Stop charging for visitor parking, city warns landlords

The City of Ottawa is preparing to slam the brakes on landlords who charge parking fees for visitor spots at apartment buildings, a city councillor says.

Practice meant to reserve visitor spots for tenants who really need them, landlord says

College ward Coun. Rick Chiarelli says he is getting regular complaints from residents whose buildings charge for visitor parking. 0:18

The City of Ottawa is preparing to slam the brakes on landlords who charge parking fees for visitor spots at apartment buildings, a city councillor says.

College ward Coun. Rick Chiarelli said he gets several calls a week from tenants whose buildings only offer paid visitor parking, and the practice is spreading.

"People are very concerned. A lot of them have caregivers who show up who are now afraid that they're going to have to pay," Chiarelli said.

Sheherbano Ahmed lives in a Minto apartment building that recently started charging $1 per hour for visitor parking. She said that's created some headaches for her family.

"My parents were here for 15 days, and they had to pay for parking every day," Ahamed said.

Sheherbano Ahmed said it's costing her family a lot of money to visit her at her Minto apartment building. (Krystalle Ramlakhan, CBC News)

When the city approves plans for new buildings, staff look closely at the number of parking spaces to make sure there are enough for tenants and their guests. The city doesn't intend for the spots to be monetized, Chiarelli said.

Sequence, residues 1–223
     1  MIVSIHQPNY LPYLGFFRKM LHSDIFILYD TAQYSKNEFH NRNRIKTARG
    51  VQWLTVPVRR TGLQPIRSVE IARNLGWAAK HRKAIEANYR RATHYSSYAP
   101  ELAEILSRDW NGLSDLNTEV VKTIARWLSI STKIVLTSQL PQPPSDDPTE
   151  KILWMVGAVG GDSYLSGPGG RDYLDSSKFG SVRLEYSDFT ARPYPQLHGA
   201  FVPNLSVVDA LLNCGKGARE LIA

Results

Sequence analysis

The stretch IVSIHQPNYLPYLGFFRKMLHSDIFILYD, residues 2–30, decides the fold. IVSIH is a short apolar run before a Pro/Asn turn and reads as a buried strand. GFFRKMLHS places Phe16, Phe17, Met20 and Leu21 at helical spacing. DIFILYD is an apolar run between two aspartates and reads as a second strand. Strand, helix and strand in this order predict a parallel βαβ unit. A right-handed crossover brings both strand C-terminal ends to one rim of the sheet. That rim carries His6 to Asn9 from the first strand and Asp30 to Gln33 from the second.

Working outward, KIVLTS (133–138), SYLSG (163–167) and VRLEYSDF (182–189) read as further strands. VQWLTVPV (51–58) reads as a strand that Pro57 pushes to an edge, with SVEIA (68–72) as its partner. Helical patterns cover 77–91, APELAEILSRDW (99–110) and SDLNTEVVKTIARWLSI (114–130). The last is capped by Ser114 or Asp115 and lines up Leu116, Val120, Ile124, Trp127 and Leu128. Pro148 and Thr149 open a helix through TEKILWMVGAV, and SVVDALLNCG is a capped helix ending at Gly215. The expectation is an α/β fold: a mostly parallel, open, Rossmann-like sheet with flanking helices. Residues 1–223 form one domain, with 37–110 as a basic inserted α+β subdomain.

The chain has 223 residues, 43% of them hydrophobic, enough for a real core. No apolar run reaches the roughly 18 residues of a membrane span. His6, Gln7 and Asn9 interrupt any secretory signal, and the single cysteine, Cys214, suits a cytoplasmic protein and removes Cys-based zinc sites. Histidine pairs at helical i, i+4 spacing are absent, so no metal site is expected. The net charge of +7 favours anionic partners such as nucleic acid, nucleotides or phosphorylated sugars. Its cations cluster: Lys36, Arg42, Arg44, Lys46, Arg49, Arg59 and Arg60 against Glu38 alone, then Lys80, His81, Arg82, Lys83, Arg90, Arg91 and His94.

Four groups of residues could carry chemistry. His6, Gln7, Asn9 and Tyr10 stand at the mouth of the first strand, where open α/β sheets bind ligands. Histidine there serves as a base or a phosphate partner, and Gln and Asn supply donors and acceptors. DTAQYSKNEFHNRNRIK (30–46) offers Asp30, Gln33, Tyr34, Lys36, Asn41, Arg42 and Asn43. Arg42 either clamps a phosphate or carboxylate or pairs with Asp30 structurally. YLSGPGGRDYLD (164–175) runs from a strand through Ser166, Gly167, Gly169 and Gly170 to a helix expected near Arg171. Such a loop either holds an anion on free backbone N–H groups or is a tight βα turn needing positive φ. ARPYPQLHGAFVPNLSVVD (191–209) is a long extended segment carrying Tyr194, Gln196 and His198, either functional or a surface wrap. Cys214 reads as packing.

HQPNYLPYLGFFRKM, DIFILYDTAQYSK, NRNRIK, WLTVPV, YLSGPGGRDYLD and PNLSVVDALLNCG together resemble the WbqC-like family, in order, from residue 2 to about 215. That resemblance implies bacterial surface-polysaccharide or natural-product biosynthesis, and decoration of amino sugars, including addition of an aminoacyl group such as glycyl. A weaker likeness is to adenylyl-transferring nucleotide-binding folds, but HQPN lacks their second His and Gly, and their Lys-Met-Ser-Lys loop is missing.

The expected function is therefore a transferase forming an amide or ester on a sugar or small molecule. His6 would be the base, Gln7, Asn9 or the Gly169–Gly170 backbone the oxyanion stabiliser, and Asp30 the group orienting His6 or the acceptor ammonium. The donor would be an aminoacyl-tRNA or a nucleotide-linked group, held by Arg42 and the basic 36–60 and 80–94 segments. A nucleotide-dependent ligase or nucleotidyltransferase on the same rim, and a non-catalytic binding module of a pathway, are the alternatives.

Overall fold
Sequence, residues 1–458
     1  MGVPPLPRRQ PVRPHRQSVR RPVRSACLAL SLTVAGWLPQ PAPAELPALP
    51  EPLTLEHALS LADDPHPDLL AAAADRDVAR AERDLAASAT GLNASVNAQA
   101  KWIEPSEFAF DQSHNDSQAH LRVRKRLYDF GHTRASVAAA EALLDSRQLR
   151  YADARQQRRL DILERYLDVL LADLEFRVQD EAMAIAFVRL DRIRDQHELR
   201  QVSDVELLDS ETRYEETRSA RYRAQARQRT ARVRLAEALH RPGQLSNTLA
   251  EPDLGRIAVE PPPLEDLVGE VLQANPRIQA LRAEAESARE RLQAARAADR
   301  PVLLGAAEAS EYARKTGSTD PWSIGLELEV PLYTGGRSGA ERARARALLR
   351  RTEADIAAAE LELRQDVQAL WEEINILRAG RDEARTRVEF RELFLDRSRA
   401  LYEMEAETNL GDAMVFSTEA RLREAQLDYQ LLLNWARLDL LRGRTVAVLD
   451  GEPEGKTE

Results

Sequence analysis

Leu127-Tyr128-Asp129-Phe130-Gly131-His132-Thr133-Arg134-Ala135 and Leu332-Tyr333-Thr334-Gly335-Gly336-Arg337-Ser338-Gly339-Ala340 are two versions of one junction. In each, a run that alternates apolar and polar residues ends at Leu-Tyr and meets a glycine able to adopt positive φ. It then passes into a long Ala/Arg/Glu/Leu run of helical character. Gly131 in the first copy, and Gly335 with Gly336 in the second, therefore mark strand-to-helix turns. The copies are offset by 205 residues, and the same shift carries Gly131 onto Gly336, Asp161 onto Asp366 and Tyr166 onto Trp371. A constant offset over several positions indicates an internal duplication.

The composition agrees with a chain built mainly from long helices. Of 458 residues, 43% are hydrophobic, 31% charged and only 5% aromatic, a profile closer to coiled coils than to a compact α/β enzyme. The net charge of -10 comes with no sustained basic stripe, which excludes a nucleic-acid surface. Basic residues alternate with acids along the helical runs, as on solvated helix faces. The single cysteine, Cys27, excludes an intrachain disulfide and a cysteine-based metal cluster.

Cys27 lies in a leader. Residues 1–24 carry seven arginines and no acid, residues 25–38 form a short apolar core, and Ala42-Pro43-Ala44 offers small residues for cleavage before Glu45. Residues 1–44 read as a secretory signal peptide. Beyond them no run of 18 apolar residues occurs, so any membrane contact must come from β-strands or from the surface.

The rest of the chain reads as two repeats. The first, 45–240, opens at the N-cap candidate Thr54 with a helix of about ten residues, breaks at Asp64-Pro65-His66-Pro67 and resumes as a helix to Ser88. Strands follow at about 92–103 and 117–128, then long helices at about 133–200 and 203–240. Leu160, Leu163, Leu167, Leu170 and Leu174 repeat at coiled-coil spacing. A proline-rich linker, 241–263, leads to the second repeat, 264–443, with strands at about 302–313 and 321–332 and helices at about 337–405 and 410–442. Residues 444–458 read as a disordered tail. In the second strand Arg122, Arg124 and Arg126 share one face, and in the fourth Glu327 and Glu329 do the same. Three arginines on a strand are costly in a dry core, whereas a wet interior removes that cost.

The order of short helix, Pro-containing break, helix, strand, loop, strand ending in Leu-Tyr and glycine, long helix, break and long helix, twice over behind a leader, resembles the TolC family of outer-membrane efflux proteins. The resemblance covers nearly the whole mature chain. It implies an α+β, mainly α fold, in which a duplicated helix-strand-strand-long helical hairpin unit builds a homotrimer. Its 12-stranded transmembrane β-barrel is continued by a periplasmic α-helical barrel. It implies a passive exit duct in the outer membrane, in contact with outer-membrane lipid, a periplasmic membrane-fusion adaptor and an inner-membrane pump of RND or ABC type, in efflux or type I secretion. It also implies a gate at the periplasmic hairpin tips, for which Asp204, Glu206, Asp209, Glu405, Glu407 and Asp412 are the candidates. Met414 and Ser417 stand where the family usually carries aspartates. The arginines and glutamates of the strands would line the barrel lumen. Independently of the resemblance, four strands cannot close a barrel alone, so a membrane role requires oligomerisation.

"It inconveniences people and causes real hardship for others," he said.

The city is in talks with major landlords to ask them to stop charging for spots.

Minto defends practice

The reason Minto started charging in the first place was to make sure spaces would be available to the people who need them, according to George Van Noten, the company's senior vice-president of property operations.

"To manage availability and high demand, we've implemented paid visitor parking to ensure that parking is truly available for visitors and best serve our residents," he said in a statement.

Professional caregivers for residents of the building do not need to pay, and loading zones are available for pickups and drop-offs, he said.

But Chiarelli insists the practice needs to stop altogether, and said if it doesn't, council will move to make it illegal.

City staff are expected to report back soon about possible next steps, and Chiarelli said he hopes to take action before this fall's municipal election.